Dim cnt As New ADODB.Connection

mole999

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Up until two days ago this was working

Code:
Dim cnt    As New ADODB.Connection

work has been doing changes over the WAN moving all users from 2003 to 2007, and although I have a dual install i suspect that some of the changes are removing files from paths that still exist.

I cannot compile any longer this statement without getting
Compile error:
User-Defined Type Not Defined

The libraries look ok, a full shut down and restart hasn't cleared the problem.

Previously compiled and the code still works.

When I retype in 2007 I get to "Dim cnt As New" then ADODB is not an offered option, frankly i'm stuck.

Any other way that this could be written to retrieve data from an SQL database, speed isn't an object, just trying to work around our techs, until they understand what they are doing

I've searched the forum but not found an answer
 

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Weaver

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Might be a missing extension causing a problem with early binding. You could try late binding
Code:
dim cnt as variant
Set cnt = CreateObject("ADODB.Connection")
 

Norie

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You say the 'libraries look ok'?

What do you mean exactly and how did you check?

Are you working with 2 versions of the file, one 2003 and one 2007?
 

mole999

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Might be a missing extension causing a problem with early binding. You could try late binding
Code:
dim cnt as variant
Set cnt = CreateObject("ADODB.Connection")


Thanks i'll give that a go Monday when I have access to the data source.

I'm guessing there are always other ways of writing these, just no apparent site that does a comparison that I can follow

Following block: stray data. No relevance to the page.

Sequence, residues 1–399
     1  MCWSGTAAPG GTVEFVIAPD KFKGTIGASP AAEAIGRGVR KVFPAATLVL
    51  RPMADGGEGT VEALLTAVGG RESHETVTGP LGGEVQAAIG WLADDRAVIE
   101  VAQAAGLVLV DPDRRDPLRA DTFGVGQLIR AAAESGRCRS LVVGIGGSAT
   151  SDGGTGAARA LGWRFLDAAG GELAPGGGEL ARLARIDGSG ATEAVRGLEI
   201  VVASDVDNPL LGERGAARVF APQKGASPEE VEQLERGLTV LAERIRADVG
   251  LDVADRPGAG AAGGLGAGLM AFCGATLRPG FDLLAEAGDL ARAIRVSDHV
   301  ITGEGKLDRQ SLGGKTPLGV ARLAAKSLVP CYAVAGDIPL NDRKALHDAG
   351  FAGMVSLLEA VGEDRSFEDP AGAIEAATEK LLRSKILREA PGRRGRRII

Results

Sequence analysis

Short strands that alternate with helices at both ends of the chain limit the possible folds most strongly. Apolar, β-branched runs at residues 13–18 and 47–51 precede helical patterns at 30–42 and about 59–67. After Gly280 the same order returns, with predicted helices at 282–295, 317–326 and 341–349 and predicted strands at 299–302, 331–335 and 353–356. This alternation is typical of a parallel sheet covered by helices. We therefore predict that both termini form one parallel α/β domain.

mole999

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You say the 'libraries look ok'?

What do you mean exactly and how did you check?

Are you working with 2 versions of the file, one 2003 and one 2007?

Tools > References

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Microsoft Excel Object Library
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(this is the home system, and work appears similar)
Can't add anything at work, no item is shown as missing

So I have to be creative, if one way stops working then find another way

files created as .xls, and becoming familiar with .xlsm as necessary for other work. (Though I should have two full installs of each programme, so currently I shouldn't be getting any issues as i have run them together for six months), yet they have only started migrating everybody in the last week
 

xenou

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I'd be curious how you've checked libraries too and what makes you sure they are okay. Normally, if you have set a reference to the ADO library there wouldn't be this problem.

That said, there are arguments for late binding and maybe that's best anyway.

Nevermind - saw your post above. Though obviously your home system is not your work system. It may be worth looking again ... the error says you don't have the ADO library referenced.
 
Last edited:

Norie

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mole

As xenou has said there are arguments for and against late-binding.

One of the advantages of late-binding is that if you do find yourself working with different versions then you shouldn't need to worry about references.

A disadvantage is that you don't have access to Intellisense, object libraries (which include constants etc)...

One way to work is to develop in early binding and then change to late binding later when distributing or whatever.

Might be an extra bit of work but could also help avoid quite a bit of grief.:)
 

mole999

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mole

As xenou has said there are arguments for and against late-binding.

One of the advantages of late-binding is that if you do find yourself working with different versions then you shouldn't need to worry about references.

A disadvantage is that you don't have access to Intellisense, object libraries (which include constants etc)...

One way to work is to develop in early binding and then change to late binding later when distributing or whatever.

Might be an extra bit of work but could also help avoid quite a bit of grief.:)

always willing to learn new techniques, maybe my word searches are wrong so i cannot home into information that would help describe.

I learn best from examples, and then can see that although different they end with a similar result
 

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